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USA 1955
Directed by
Robert Aldrich
111 minutes
Rated PG

Reviewed by
Bernard Hemingway
2.5 stars

The Big Knife

This florid melodrama was based on a 1949 play of the same name by Clifford Odets. In the spirit of Vincente Minnelli’s Bad And The Beautiful (1952) it depicts the seamily ruthless world behind the glamorous veneer of Tinsel Town,

Jack Palance plays screen idol Charlie Castle in the employ of Stanley Shriner Hoff (Rod Steiger) a cynical producer of financially successful but mediocre crowd-pleasers. Charlie enjoys the star life style including a good deal of philandering that is wrecking his marriage to Marion (Ida Lupino). She doesn’t want Charlie to sign a new seven contract with Hoff but the latter has some dirt on Charlie that will destroy his career if he doesn’t. Will Charlie be man enough to stand up to him?

Aldrich keeps close to the script’s theatrical origins shooting mainly on a single set with long takes and preserving (and perhaps even adding to) the over-wrought dialogue but using raking camera angles to emphasize the intensity (Ernest Lazlo was D.O.P)..  And intensity is certainly what you get from Palance(in a role which John Garfield had played on stage and was intended to play on the screen but who had died of heart attack) as the conflicted actor, Lupino as his loving wife and, above all, Steiger at his scenery-chewing best playing a character allegedly based on Columbia head Harry Cohn with a bit of Louis B, Mayer (the crying stunt) thrown in for good measure.  Shelley Winters plays the kind of two-bit starlet that she was in reality for a good number of years (how she managed to have a career at all has always mystified me). Wendell Corey is strong as Hof’s compliant hatchet man. Other players include Everett Sloane, Nick Dennis and Wesley Addey as Hank Teagle, evidently Odets’ stand-in as moral commentator.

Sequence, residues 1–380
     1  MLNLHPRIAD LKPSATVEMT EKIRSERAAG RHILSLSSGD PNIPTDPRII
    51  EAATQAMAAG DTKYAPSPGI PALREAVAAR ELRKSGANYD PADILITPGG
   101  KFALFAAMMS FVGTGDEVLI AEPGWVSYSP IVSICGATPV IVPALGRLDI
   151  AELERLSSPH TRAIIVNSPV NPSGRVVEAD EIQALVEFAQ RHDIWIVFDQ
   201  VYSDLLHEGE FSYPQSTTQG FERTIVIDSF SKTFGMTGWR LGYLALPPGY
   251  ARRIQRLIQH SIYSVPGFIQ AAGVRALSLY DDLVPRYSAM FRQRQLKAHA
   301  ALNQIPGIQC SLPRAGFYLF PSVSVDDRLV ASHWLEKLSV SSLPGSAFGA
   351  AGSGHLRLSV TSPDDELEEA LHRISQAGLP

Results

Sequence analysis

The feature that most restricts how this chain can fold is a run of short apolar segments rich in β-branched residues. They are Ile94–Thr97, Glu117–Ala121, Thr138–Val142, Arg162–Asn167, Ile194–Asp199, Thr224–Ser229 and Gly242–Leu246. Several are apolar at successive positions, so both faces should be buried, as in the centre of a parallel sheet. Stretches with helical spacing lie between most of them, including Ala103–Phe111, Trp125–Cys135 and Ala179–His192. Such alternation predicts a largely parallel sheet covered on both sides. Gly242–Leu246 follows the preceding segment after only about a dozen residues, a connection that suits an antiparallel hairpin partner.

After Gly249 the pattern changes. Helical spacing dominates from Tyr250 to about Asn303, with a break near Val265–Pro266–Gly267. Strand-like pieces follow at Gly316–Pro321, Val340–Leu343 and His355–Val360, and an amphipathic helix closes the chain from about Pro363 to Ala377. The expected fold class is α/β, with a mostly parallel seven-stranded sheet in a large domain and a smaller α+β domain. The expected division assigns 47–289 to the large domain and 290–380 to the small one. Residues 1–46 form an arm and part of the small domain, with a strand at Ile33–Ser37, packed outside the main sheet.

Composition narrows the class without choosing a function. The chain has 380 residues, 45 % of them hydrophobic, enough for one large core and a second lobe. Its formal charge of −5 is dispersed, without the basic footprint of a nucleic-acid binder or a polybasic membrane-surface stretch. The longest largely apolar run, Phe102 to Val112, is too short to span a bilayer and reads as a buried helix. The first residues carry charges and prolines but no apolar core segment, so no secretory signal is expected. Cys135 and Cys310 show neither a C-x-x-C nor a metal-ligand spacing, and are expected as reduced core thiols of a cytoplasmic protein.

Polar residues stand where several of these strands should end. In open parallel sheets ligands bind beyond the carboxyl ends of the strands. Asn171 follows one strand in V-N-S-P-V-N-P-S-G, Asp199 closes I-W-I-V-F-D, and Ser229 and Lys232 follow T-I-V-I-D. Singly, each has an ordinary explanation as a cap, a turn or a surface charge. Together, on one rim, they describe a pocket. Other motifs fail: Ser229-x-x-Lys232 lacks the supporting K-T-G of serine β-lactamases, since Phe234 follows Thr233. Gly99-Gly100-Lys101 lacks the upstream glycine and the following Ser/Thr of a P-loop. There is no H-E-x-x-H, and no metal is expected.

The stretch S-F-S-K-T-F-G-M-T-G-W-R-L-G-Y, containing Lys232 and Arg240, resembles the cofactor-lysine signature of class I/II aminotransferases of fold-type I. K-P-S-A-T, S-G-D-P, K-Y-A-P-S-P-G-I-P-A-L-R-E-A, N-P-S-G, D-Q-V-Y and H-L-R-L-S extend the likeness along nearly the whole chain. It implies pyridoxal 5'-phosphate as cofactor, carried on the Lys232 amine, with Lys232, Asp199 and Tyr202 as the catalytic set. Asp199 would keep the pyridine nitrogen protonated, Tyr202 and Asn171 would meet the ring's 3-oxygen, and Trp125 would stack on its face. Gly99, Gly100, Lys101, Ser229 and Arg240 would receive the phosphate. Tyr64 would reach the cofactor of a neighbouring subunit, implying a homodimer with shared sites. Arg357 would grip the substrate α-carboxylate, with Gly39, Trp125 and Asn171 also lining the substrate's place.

If the performances are as strong as the script is over-cooked there is one odd feature that throws the film off course. The first half is concerned with Charlie’s dilemma over re-signing with Hof, the second half about his past coming back to haunt him. The problem is that there is no connection between the two halves and we never hear of the re-signing again. My first thought was that the new direction was in fact a flash-back but this was not borne out and I spent much of the film trying to reconcile myself to the incongruity. As for the title, its meaning remains obscured to me.

FYI:  Aldrich was fired from a 1957 Columbia movie called The Garment Jungle by Cohn when  the latter realized halfway through filming that the director he had hired was also the director of The Big Knife.




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